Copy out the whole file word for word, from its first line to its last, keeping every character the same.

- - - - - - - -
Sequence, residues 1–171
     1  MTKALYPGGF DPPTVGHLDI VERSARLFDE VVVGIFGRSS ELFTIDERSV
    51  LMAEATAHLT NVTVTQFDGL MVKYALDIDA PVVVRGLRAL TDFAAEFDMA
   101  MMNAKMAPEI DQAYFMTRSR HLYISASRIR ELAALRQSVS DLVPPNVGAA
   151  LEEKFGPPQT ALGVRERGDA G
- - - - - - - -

Sequence, residues 1–171
     1  MTKALYPGGF DPPTVGHLDI VERSARLFDE VVVGIFGRSS ELFTIDERSV
    51  LMAEATAHLT NVTVTQFDGL MVKYALDIDA PVVVRGLRAL TDFAAEFDMA
   101  MMNAKMAPEI DQAYFMTRSR HLYISASRIR ELAALRQSVS DLVPPNVGAA
   151  LEEKFGPPQT ALGVRERGDA G